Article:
I picked up this book after reading RedTHaws' post on this title, and I do think that there will be some things from this book that I will be able to apply to my little chihuahua's training. My dog falls into the "orange" range (i.e., he's a spaz, but not a complete out-of-control monster), and our previous dog fell into the yellow/green range (i.e., she was mellow to, let's say, lackadaisical in her life outlook). Training the chihuahua has been a very different experience from training our mellow Labrador retriever. There are times when I don't know what to do with this high-strung dog, and as a result some of his training, such as "heel," and "no barking" have pretty much gone to pot.
Where this book helps is in teaching me how to tune into my dog's hyper nature, and reward him in a way that mellows him as opposed to amping him up. Today we worked on "heel" during our walk. When we first went out, he was extremely excited, and did not want to heel at all. He wanted to smell, and pee, and run, and bark at whatever he could bark at. By following the advice given in this book (be patient, be consistent, don't use food rewards when the dog is already excited), I was able to get the dog calmed down. While the first part of our walk was devoted to getting him calmed down so he could respond to training, the second half of the walk was done with a calm, well-heeled dog, and we were both able to enjoy our time together. So, success in turning my chihuahua into a pleasant dog to walk with is now something I can visualize! Yea!
That said, I do have a couple issues with the book. First, Joel Silverman advises using a chain collar when training your dog. I have nothing against these collars per se, but collars of any sort are not really something that should be used on chihuahuas for the purpose of attaching a leash. My vet informed me that chihuahuas need to wear harnesses because they have very fragile tracheas, and the pressure of pulling a leash attached to a collar can easily crush their windpipes. Personal experience has also taught me that not even all harnesses are appropriate for chihuahuas. Some of them are cut too high, or are too firm, and still apply too much pressure to the dog's trachea. We use a Puppia soft harness, and for us that eliminates the issue of pressure on the dog's throat. Silverman doesn't really address this particular issue for toy dogs in his book, and that is unfortunate, because it really is a big omission when the dog needing training is a little dog.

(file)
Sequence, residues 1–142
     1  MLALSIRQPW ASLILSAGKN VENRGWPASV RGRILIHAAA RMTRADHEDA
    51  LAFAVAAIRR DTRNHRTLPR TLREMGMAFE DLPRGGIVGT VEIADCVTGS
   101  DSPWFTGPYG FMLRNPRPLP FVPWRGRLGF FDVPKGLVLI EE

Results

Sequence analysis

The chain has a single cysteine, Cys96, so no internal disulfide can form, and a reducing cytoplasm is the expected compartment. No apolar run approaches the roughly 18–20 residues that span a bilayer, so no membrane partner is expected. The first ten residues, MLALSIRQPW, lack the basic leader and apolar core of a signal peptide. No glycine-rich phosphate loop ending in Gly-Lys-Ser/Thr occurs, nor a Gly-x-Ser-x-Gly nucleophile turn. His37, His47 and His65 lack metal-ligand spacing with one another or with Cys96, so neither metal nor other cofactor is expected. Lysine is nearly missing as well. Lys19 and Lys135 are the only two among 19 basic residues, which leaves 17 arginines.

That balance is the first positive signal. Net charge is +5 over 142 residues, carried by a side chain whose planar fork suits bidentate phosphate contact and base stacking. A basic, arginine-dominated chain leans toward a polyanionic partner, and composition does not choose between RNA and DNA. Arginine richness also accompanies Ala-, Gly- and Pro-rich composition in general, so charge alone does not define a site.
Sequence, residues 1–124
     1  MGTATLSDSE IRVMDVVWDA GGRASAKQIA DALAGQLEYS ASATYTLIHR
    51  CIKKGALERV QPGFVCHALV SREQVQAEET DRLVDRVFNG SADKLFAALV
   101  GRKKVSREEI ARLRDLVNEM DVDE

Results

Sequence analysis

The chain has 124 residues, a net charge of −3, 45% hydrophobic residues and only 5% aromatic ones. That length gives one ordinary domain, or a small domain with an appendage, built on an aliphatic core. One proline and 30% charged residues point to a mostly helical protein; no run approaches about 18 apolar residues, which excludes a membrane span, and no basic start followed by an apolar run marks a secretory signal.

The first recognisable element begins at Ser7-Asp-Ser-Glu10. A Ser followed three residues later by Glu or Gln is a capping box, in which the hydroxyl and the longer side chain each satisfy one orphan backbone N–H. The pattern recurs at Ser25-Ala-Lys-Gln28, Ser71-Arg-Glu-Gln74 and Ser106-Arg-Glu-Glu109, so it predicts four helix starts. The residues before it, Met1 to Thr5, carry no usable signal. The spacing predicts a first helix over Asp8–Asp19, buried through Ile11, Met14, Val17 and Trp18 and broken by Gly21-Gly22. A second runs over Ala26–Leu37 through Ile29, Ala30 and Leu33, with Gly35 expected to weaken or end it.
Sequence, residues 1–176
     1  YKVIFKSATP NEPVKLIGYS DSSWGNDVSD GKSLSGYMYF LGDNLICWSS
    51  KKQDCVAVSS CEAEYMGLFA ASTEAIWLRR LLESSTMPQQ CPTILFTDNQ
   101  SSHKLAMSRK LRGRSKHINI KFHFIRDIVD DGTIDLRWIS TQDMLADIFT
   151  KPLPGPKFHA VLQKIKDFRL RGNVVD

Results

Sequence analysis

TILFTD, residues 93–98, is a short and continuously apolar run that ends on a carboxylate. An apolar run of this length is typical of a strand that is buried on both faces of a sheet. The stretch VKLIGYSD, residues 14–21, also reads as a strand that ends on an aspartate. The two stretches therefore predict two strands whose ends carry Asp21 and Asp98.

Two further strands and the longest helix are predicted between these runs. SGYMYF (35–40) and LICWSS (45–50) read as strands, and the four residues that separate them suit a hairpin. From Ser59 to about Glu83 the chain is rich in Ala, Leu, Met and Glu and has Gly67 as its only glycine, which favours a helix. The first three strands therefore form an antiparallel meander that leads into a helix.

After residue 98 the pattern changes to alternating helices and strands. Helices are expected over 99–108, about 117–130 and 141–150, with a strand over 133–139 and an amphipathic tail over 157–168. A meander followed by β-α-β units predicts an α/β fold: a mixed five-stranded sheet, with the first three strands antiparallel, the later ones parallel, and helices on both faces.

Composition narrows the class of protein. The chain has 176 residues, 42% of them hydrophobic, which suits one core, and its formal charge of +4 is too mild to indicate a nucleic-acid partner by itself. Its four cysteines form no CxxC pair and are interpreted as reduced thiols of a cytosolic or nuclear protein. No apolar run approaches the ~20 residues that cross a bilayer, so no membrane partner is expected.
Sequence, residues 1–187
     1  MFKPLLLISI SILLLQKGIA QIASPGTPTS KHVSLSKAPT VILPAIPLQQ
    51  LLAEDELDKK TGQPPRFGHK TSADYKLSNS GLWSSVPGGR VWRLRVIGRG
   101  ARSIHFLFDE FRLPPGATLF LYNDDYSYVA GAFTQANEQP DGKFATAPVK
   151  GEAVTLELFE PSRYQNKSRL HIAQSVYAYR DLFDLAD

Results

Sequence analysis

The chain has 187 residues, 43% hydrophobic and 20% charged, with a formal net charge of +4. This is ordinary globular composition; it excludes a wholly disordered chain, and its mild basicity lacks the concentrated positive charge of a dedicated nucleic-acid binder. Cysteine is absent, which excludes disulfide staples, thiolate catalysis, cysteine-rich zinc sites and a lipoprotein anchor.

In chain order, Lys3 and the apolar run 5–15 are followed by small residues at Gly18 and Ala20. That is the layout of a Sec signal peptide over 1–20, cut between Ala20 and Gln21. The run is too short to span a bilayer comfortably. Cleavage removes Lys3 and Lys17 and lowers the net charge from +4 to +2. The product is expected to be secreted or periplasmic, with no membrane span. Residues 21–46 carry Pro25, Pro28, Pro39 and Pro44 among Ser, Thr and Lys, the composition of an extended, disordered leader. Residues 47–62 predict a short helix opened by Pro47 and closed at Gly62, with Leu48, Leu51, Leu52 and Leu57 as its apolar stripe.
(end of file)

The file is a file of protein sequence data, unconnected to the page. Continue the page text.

Secondly, although my dog is normally an "orange" dog, there is one specific time that he becomes, I think, a green, or even blue dog (i.e., a fearful dog) hiding behind a red dog facade. When my dog sees other dogs he goes insane! As Silverman suggests for red dogs, I have tried techniques for mellowing him when he sees other dogs, and this does not work in this situation. I have discovered, I think, that my dog is actually afraid of other dogs, and responds with a "the best defense is a good offense" attitude. Patient desensitization and providing the dog with a feeling of security is going to have to be the name of the game, I think, and this is what Silverman recommends for green and blue dogs. The problem is, I don't really think that Silverman stresses enough in this book that sometimes the trainer may have to employ the training techniques from a different color to his or her dog, and the only way a reader is going to figure that out is to read the entire book, learning about the general personality traits of dogs in each color group. Silverman says in the introduction, "Once you identify the color of your dog, you can go to the corresponding chapter for the appropriate teaching style.... The great news is that although in this book there are five ways to train, you will only need to use one." Well, with respect to my little pest pet, I am not sure that statement is going to completely apply.